Originally, chilaquiles were created as a way to use leftover fresh tortillas, and if you can spare the time, making your own chips is a great way to go. Start with a stack of twelve 6-inch blue or yellow corn tortillas. Cut them into 6 triangles, place them in a bowl, and toss them with a tablespoon of extra virgin olive oil. Line two rimmed sheet pans with parchment paper and arrange the tortilla pieces in one layer in the pans. Sprinkle lightly with coarse sea salt and bake at 350°F for 10 minutes, flip, and bake for another 5 minutes.

For Your Best Health: Emotional Healing After a Loss 

For Your Best Health

Emotional Healing After a Loss 

Navigating the turmoil of losing a loved one is one of the most emotional—and universal—life experiences we go through. Grieving is different for each of us, and there’s no one healing road map or timetable to follow. But a new study found that there are simple activities that can help improve mood and emotional well-being.

“We were conducting a larger study that looked at how daily behaviors affect emotional well-being and day-to-day functioning, and we realized that a significant number of study participants were dealing with the traumatic loss of a loved one,” said Shevaun Neupert, PhD, the study’s corresponding author and a professor of psychology at NC State University. “Our study suggests there are specific things people can do to bolster their emotional well-being following a traumatic loss. This gave us an opportunity to gain insights into how daily behaviors in the wake of a loss can influence our emotional well-being.”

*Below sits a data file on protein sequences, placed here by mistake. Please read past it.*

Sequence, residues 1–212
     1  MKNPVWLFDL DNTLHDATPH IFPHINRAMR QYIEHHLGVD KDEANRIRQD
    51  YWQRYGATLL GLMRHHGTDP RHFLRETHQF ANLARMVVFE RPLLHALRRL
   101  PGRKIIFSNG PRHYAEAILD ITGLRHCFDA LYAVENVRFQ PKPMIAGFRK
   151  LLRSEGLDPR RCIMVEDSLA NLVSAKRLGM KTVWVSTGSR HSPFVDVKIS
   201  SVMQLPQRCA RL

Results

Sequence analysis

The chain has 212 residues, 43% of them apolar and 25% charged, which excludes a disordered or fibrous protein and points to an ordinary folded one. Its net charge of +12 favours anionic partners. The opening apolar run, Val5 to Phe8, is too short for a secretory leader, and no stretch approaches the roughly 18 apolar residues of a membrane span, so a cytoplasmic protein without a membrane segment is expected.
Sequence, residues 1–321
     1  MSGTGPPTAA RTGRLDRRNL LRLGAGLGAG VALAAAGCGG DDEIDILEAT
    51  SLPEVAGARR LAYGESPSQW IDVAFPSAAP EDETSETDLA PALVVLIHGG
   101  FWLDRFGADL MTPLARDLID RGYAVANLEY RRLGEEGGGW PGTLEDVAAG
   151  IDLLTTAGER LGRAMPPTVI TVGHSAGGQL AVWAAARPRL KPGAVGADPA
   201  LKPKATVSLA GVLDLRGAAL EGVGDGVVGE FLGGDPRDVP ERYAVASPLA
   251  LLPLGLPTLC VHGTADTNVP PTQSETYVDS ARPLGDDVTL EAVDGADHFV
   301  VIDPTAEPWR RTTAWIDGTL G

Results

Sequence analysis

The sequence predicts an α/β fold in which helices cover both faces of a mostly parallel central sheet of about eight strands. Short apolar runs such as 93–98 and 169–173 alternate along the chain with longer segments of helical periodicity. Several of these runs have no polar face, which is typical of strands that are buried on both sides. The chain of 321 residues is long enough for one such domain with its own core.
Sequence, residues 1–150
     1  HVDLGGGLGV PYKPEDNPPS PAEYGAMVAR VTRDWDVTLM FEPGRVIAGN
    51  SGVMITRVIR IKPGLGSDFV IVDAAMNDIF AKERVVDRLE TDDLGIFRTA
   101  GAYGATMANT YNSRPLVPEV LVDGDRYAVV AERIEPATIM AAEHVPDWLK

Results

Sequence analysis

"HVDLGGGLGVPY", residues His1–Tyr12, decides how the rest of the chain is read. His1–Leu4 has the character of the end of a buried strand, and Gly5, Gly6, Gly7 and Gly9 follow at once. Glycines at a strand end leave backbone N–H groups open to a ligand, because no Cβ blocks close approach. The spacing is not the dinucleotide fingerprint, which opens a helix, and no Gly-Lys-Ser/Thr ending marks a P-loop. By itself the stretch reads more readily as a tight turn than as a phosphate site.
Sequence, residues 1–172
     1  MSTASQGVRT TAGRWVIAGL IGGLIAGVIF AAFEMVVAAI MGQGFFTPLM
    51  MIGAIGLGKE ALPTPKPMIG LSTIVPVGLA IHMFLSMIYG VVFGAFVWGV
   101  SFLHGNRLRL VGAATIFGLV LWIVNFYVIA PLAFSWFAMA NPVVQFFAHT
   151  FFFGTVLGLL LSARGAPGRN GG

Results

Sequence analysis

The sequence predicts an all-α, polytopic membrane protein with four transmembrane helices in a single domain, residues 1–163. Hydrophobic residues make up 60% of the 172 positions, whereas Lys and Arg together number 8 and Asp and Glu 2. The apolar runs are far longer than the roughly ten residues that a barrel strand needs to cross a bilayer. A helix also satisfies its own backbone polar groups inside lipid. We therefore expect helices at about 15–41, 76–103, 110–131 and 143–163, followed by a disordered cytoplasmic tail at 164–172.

For the study, researchers worked with data from 440 adults between the ages of 50 and 85, and 356 of those participants reported the traumatic loss of a loved one. Study participants completed a daily diary survey for 14 consecutive days with questions designed to document changes in each of their day-to-day lived experiences and mood.

“The survey questions also helped us capture information related to subjective age, or how old people report feeling each day,” Dr. Neupert said. “Do they feel older than they actually are? Younger? And how does that correlate to their mood or emotional well-being?”

“One of the study’s big findings is that activities we call ‘uplifts’ can have a significant impact,” says Ali Early, co-author of the study and a former undergraduate at NC State. Uplifts are activities that can improve our mood, such as completing a task, getting enough sleep, dining out, spending time with family, and visiting, phoning, or writing to a friend.

“Uplifts were good for everyone, but there is some nuance in not only who is most impacted but when the uplifts are most powerful,” Dr. Neupert said. “For example, we found that the positive effect of uplifts was more pronounced for people who had experienced traumatic loss, and especially so on days when they reported feeling older…There are things we can do, which are accessible for most people, to improve our moods. And those things can help us most on days when we most need it.”

The study, “Traumatic Losses Permeate Daily Emotional Experiences: Roles of Daily Uplifts and Subjective Age,” was published in the journal Applied Psychology: Health and Well-Being.

Fitness Flash: A woman’s Edge When it Comes to Exercise